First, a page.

Cover of "Egypt's Belle Epoque: Cairo and the Age of the Hedonists."
Cairo has a reputation these days for fundamentalism, anger, hatred, and the like, symbolically summarized by the 1994 stabbing in the neck
of a Nobel-prize winning novelist for political reasons. So it was with mild shock that I took in the title of a newly-arrived paperback by Trevor Mostyn from Tauris Parke: Egypt's Belle Epoque: Cairo and the Age of the Hedonists
. The book, originally published in the UK in 1989, offers a vivid evocation of the Egyptian capital between (roughly) the accession of Ismail in 1863 and the overthrow of his grandson Farouk in 1952. Mostyn gives a sense of the Europeans' grand life during those nine decades by quoting from journals, travelogues, press clippings, and the like.
As a former resident of Cairo who first arrived in that extraordinary city in 1971, I am highly aware of this layer of the city's history. I lived in the part of town Ismail had constructed, I enjoyed the faded but still recognizable architecture of that period, I hobnobbed a bit with the French-speaking Turko-Egyptian elite, I whiled away afternoons at the Gezira Sporting Club, and I heard reminiscences from old-timers who recalled the monarchy.
By now, this is an all-but vanished world, yet Mostyn's book and my memories both bear on the present, pointing out that the wheels of history never cease from turning:
Huda Sha'rawi (1879-1947), Egyptian feminist.
A century ago, European culture was on the march, building cathedrals, English-style clubs, Italianate palazzos, and French gardens in Cairo, while today mosques, Islamic cultural centers, madrasas, and interest-free banks are going up throughout the West.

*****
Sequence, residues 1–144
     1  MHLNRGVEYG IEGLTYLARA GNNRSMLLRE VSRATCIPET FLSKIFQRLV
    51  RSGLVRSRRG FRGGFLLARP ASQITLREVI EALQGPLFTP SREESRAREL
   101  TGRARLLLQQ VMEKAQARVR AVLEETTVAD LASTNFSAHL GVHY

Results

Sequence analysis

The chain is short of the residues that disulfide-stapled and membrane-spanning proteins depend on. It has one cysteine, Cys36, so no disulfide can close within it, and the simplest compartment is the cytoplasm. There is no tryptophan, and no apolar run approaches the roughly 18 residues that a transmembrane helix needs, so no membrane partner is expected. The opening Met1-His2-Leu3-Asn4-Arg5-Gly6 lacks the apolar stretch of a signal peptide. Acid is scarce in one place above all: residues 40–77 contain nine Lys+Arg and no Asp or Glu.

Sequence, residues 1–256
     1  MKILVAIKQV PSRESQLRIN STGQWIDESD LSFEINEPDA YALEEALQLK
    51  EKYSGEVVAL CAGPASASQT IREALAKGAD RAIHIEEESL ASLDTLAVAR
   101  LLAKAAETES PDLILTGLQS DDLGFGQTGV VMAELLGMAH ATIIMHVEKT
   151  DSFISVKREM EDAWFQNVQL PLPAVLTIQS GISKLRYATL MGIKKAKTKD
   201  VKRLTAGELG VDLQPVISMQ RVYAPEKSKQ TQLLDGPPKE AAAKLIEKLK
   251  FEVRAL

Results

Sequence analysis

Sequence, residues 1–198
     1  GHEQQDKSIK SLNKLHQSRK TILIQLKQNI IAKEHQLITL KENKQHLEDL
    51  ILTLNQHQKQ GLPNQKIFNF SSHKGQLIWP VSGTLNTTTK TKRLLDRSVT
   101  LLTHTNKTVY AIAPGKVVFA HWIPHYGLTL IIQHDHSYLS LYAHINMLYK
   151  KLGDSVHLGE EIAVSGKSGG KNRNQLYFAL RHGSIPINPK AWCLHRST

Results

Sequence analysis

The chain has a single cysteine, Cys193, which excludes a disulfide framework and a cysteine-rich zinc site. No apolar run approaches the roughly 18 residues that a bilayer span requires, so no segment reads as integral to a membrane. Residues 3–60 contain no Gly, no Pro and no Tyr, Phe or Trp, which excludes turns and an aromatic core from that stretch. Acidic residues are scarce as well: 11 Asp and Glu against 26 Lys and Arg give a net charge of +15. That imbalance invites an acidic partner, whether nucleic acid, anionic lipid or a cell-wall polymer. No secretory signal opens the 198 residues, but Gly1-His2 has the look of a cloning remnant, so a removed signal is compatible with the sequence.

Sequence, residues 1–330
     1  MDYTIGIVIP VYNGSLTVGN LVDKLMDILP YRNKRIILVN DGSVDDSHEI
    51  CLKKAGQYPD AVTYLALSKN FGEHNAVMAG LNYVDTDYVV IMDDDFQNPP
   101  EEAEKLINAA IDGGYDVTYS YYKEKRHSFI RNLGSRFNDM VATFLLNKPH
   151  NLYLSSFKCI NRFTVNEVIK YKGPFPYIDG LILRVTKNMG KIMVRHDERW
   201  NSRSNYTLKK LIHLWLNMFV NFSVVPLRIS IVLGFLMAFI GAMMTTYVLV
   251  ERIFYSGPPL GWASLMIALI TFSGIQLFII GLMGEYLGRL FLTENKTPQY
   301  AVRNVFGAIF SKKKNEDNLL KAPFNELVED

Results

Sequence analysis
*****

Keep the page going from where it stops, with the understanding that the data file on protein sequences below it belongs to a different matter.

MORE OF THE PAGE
I lived on the Cairene street named after the feminist Huda Sha'rawi (1879-1947), famous for having publicly cast aside her face-covering in 1923, causing a national scandal; now, Egyptian women are anew covering their faces, often voluntarily.
The Islamism so rampant today in Cairo was quite absent 35 years ago and may well be as weak in another 35 years.
The lesson is clear; there is no greater mistake than taking present circumstances and extrapolating them outward, assuming that what is must be. (October 12, 2006)
Apr. 9, 2015 update: The Egyptian newspaper Al-Ahram recalls today a small but poignant aspect of Cairo in the age of hedonists: the roller-coaster life of Nazli Sabri (1894-1978) who "was the second wife of King Fouad, the mother of King Farouk, the lover and wife of a senior courtier and, eventually, a pauper living in California."
Related Topics: Egypt, History
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